- - Wednesday, March 28, 2018

NAIROBI, Kenya — A bitterly contested presidential election appeared to be setting up a violent rerun of clashes between President Uhuru Kenyatta and longtime rival Raila Odinga. But an unexpected detente between the two has some hoping Kenya can avoid the partisan and tribal bloodshed that has marred past electoral crises.

An unexpected calm has settled on most of the country after Mr. Kenyatta and Mr. Odinga agreed to work together to heal divisions arising from last year’s general elections.

The followers of Mr. Odinga, in his third bid for the presidency and his second race against Mr. Kenyatta, had vowed never to accept the results of a chaotic pair of votes that gave Mr. Kenyatta another five-year term. They insisted that government election officials had rigged the results.

Odinga supporters in January staged a mock inauguration for their candidate in central Nairobi. The government allowed the ceremony to proceed but blocked any national television coverage of the event and cracked down on politicians who took part.

Two months later, shoppers are back in the markets and traffic fills the streets of the capital and other major towns that experienced sporadic chaos, violence and demonstrations since the first vote in August. Banks, hotels and foreign exchange bureaus are open for business as well.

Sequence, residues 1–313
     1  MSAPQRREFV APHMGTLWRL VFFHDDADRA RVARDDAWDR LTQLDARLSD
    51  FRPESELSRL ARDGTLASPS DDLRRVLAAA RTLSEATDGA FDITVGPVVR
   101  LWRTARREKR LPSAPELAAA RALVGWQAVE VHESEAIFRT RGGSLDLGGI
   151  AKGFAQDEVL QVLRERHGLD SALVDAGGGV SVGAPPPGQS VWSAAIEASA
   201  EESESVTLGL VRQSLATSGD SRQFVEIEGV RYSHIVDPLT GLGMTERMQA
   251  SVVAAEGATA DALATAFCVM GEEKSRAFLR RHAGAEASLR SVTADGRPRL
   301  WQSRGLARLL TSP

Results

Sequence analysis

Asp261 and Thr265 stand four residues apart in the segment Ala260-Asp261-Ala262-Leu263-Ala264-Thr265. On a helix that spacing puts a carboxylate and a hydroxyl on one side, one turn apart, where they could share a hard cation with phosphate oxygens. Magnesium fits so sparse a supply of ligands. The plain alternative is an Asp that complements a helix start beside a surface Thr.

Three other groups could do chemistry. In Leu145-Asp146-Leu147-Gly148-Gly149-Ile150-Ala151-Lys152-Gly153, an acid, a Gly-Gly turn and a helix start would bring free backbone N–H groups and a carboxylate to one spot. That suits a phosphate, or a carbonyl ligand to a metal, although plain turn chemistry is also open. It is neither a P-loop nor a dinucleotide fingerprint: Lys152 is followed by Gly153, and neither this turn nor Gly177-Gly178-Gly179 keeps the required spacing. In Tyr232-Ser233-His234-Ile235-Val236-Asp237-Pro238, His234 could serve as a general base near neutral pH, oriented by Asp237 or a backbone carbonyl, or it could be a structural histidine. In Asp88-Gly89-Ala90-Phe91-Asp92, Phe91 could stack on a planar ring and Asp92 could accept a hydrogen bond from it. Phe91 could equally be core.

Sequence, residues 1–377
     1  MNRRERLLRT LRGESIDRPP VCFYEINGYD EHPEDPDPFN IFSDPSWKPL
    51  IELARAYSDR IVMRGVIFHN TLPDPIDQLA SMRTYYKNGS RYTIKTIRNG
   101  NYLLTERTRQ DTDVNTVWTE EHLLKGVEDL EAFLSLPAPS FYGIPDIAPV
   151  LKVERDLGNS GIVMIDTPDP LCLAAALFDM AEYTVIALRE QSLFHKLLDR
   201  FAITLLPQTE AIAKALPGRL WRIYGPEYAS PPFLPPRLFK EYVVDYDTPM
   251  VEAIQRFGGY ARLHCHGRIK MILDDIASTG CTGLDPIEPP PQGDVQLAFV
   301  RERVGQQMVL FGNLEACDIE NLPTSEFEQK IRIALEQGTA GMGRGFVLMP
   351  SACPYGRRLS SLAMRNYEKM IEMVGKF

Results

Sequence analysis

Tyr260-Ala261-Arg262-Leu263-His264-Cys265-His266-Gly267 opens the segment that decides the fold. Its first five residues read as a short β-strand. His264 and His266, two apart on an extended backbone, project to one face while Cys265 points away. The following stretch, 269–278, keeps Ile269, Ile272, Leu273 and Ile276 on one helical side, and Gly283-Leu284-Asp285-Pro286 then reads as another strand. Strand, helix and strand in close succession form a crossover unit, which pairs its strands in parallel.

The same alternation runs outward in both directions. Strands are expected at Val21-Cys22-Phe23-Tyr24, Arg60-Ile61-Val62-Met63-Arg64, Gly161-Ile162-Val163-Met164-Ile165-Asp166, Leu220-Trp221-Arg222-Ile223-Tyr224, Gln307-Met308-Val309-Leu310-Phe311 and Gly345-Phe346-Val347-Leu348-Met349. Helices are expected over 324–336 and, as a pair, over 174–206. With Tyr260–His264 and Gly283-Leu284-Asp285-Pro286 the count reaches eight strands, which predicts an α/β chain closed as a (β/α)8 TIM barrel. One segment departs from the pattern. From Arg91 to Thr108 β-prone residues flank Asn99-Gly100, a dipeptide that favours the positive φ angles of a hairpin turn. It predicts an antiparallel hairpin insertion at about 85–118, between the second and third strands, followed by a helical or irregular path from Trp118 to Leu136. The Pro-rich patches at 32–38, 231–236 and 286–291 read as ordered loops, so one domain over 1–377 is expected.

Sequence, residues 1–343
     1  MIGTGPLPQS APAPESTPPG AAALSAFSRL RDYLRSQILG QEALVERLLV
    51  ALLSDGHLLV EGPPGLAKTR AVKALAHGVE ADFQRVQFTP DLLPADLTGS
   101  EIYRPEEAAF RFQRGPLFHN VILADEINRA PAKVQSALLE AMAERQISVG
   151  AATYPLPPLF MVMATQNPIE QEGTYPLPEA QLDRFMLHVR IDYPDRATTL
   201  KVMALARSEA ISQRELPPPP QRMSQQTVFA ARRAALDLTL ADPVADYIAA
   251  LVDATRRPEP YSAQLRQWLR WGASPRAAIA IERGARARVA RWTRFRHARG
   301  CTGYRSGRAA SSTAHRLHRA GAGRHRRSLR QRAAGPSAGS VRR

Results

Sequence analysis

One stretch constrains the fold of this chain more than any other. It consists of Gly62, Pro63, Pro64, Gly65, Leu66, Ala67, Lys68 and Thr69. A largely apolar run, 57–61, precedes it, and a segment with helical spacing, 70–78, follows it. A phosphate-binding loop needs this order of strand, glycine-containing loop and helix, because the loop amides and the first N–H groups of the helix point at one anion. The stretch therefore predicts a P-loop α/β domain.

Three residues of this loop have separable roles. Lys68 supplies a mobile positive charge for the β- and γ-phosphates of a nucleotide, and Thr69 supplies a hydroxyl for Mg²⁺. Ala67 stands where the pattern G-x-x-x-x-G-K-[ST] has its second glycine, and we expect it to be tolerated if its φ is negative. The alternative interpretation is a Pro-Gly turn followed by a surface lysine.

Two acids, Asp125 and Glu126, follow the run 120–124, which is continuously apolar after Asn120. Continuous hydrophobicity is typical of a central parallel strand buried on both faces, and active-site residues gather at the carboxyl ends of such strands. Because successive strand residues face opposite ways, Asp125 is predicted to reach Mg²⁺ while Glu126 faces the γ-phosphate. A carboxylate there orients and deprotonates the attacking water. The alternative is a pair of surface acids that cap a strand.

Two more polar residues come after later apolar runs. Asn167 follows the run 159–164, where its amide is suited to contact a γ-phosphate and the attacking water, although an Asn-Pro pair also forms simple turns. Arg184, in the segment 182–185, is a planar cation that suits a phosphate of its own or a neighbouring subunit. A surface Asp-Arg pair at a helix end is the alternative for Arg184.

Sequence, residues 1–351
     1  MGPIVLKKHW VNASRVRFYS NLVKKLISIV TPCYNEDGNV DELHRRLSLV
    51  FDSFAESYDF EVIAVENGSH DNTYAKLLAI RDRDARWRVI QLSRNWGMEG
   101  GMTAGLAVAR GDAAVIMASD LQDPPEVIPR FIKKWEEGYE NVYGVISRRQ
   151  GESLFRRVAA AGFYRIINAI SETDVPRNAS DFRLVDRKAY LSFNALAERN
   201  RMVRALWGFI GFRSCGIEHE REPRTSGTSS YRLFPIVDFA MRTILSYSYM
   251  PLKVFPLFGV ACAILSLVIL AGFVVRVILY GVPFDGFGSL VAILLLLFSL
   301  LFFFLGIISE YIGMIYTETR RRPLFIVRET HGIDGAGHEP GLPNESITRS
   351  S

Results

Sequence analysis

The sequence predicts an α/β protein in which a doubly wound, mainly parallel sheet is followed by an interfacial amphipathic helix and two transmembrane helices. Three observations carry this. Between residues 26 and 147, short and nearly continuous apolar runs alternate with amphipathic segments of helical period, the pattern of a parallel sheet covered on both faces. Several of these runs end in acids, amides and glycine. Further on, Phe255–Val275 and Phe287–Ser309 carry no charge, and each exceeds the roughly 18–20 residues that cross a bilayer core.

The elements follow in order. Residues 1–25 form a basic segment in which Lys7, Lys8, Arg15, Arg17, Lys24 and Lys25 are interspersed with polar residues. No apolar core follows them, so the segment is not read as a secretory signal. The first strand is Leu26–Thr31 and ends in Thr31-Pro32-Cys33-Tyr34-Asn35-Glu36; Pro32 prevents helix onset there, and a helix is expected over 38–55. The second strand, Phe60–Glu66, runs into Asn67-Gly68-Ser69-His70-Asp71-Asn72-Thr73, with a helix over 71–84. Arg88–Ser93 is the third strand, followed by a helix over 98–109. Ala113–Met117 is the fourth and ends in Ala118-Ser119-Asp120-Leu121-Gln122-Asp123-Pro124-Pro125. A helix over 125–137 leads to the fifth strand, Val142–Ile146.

In the lakeside city of Kisumu, an opposition stronghold where more than 50 people died in civil unrest, banks, hotels and fishmongers who work on the banks of Lake Victoria are once again busy. Security officials have removed boulders that protesters used to block roads.

“Life is now getting better,” said Eunice Achieng, a mother of five who sells fish in Kisumu. “We support the dialogue between President Uhuru and Raila because it’s bringing peace in this region. Business is now picking up well. You can see me readying my wares for the day.”

Kenya has been in limbo since the original presidential results were nullified on Sept. 1 because of what the Supreme Court called “irregularities and illegalities” in the electronic transmission of results. The court ordered a rerun, which Mr. Odinga boycotted, saying Mr. Kenyatta needed to revamp the electoral commission before a new vote.

Mr. Kenyatta won the second ballot with 98 percent of the vote, though less than a third of the electorate went to the polls, according to the electoral commission. The Supreme Court upheld Mr. Kenyatta’s victory, sparking violent protests among Odinga supporters.

Human rights groups estimated that 100 people died in election-related violence since the initial vote.

As the crisis worsened, the international community put pressure on the two longtime rivals to strike a deal. Led by U.S. Ambassador Robert Godec and U.K. envoy Nic Hailey, diplomats pushed for dialogue to put the country back on the right track.

“As partners, we will do all we can to help, but only Kenyans can resolve the country’s problems,” they said in February, a week before then-U.S. Secretary of State Rex W. Tillerson arrived in Nairobi. “We again call for an immediate, sustained, open and transparent national conversation involving all Kenyans to build national cohesion, address long-standing issues and resolve the deep-seated divisions that the electoral process has exacerbated.”

Tillerson’s role

Mr. Kenyatta and Mr. Odinga met on March 9 — the day Mr. Tillerson arrived in Nairobi — and declared they would work together to unite the country. It was one of Mr. Tillerson’s last official acts before President Trump dismissed him.